Cookies on this website
We use cookies to ensure that we give you the best experience on our website. If you click 'Continue' we will assume that you are happy to receive all cookies and you will not see this message again. Click 'Find out more' for information on how to change your cookie settings.

We depend on electrical waves to regulate the rhythm of our heartbeat. When those signals go awry, the result is a potentially fatal arrhythmia. Now, a team of researchers from the Department of Physiology, Anatomy and Genetics and Stony Brook University has found a way to precisely control these waves – using light. Their results are published in the journal Nature Photonics.

Both cardiac cells in the heart and neurons in the brain communicate by electrical signals, and these messages of communication travel fast from cell to cell as 'excitation waves'. Interestingly, such waves are also found in a range of other processes in nature, from chemical reactions to yeast and amoebas.

For heart patients there are currently two options to keep these waves in check: electrical devices (pacemakers or defibrillators) or drugs (eg beta blockers). However, these methods are relatively crude: they can stop or start waves but cannot provide fine control over the wave speed and direction. This is like being able to start or stop a boat but without the ability to steer it. So, the research team set out to find ways to steer the excitation waves, borrowing tools from the developing field of optogenetics, which so far has been used mainly in brain science.

Dr Gil Bub, from DPAG explained: 'When there is scar tissue in the heart or fibrosis, this can cause part of the wave to slow down. That can cause re-entrant waves which spiral back around the tissue, causing the heart to beat much too quickly, which can be fatal. If we can control these spirals, we could prevent that.

'Optogenetics uses genetic modification to alter cells so that they can be activated by light. Until now, it has mainly been used to activate individual cells or to trigger excitation waves in tissue. We wanted to use it to very precisely control the activity of millions of cells.'

A protein called channelrhodopsin was delivered to heart cells using gene therapy techniques so that they could be controlled by light. Then, using a computer-controlled light projector, the team was able to control the speed of the cardiac waves, their direction and even the orientation of spirals in real time – something that never been shown for waves in a living system before.

In the short term, the ability to provide fine control means that researchers are able to carry out experiments at a level of detail previously only available using computer models. They can now compare those models to experiments with real cells, potentially improving our understanding of how the heart works. The research can also be applied to the physics of such waves in other processes. In the long run, it might be possible to develop precise treatments for heart conditions.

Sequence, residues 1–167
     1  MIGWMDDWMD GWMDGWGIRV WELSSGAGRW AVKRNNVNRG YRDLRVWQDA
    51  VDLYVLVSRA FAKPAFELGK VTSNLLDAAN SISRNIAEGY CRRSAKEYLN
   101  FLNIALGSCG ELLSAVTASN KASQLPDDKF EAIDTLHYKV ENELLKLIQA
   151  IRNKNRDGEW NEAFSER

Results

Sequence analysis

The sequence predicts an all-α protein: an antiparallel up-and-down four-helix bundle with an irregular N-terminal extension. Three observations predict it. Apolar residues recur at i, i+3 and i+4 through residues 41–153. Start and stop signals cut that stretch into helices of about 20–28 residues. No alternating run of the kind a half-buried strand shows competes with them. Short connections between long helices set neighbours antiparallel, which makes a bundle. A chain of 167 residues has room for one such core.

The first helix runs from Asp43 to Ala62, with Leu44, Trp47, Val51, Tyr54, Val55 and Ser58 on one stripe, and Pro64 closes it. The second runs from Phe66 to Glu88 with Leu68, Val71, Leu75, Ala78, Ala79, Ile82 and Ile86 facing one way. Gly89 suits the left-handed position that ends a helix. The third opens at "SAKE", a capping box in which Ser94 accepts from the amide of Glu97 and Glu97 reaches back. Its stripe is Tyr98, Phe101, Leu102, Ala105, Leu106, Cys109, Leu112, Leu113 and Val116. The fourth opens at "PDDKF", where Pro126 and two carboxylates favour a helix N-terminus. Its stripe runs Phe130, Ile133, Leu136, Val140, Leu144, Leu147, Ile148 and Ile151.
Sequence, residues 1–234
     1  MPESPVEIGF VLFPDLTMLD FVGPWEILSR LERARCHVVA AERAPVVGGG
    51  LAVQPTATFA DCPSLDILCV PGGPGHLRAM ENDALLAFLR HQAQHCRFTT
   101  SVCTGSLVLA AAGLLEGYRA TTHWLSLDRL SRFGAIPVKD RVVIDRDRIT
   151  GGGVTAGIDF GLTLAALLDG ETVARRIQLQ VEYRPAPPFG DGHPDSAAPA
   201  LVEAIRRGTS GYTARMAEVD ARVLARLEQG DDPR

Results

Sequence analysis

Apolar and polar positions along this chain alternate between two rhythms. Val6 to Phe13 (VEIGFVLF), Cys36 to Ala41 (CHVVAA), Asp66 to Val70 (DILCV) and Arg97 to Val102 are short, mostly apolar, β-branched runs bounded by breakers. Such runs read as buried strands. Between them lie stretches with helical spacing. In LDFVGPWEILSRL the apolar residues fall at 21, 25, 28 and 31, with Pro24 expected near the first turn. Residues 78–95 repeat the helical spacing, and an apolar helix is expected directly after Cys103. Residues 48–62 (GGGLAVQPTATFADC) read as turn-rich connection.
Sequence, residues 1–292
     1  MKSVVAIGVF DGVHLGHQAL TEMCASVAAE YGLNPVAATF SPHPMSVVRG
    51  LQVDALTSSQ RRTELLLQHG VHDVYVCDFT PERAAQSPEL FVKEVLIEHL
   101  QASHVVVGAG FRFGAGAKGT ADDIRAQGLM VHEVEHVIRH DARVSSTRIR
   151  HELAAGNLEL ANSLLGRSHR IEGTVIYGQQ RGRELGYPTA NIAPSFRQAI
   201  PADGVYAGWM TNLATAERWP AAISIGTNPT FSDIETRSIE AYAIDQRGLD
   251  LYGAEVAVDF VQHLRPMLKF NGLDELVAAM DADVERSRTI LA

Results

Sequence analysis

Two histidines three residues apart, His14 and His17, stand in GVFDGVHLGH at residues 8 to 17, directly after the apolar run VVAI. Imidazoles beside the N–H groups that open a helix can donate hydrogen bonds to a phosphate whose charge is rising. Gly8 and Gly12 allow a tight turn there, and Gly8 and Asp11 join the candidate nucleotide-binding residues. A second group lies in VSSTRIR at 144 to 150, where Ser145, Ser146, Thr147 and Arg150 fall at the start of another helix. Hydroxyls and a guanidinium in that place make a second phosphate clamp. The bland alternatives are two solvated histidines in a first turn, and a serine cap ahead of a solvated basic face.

Dr Emilia Entcheva, from Stony Brook University, said: 'The level of precision is reminiscent of what one can do in a computer model, except here it was done in real heart cells, in real time.

'Precise control of the direction, speed and shape of such excitation waves would mean unprecedented direct control of organ-level function, in the heart or brain, without having to focus on manipulating each cell individually. This ideal therapy has remained in the realm of science fiction until now.'

The team stresses that there are significant hurdles before this could offer new treatments – a key issue is being able to alter the heart to be light-sensitised and being able to get the light to desired locations. However, as gene therapy moves into the clinic and with miniaturization of optical devices, use of this all-optical technology may become possible. In the meantime, the research enables scientists to look into the physics behind many biological processes, including those in our own brains and hearts.

 

The paper, Optical control of excitation waves in cardiac tissue, is published in the journal Nature Photonics on 19 October 2015: doi: 10.1038/NPHOTON.2015.196


Source: Oxford University website

Similar stories

Reducing fat in the diabetic heart could improve recovery from heart attack

New research from the Heather Group has shown that in type 2 diabetes an overload of lipids reduces the heart’s ability to generate energy during a heart attack, decreasing chances of recovery.

The brain’s one-sided teaching signals

A new study by the Lak group reveals a novel facet of dopamine signalling during visual decision making.

Fellowship awarded to Huriye Atilgan to enhance our understanding of value-based decision-making

Congratulations are in order for Postdoctoral Research Scientist Dr Huriye Atilgan who has been awarded a prestigious Sir Henry Wellcome Postdoctoral Fellowship funded by the Wellcome Trust.

The future of stroke treatment

A team of international collaborators including DPAG's Dr Mootaz Salman has been researching a promising new therapeutic for the treatment of strokes and other brain injuries.

New review reveals proof of concept for an anti-obesity immunotherapy

The Domingos lab has published a new opinion piece in Science investigating the implications of a Memorial Sloan Kettering Cancer Center study that lays the foundations for a potential new anti-obesity treatment in the form of targeting adipose tissue-resident macrophages.